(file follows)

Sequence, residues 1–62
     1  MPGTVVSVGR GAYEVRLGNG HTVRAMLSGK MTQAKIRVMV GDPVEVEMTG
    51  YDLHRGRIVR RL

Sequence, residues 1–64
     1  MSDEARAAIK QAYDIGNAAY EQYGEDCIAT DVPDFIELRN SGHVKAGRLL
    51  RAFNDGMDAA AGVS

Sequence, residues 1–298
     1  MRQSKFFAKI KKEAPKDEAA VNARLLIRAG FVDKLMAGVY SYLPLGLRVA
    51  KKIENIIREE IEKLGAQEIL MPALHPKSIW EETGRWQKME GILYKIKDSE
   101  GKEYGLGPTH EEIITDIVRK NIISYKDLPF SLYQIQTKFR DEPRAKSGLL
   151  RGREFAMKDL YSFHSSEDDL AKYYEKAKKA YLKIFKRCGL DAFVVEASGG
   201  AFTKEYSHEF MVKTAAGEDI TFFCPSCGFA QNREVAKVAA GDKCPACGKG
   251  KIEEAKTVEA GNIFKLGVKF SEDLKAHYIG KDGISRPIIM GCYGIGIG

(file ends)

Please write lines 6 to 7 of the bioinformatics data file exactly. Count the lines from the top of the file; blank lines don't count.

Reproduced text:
    51  RAFNDGMDAA AGVS

Sequence, residues 1–298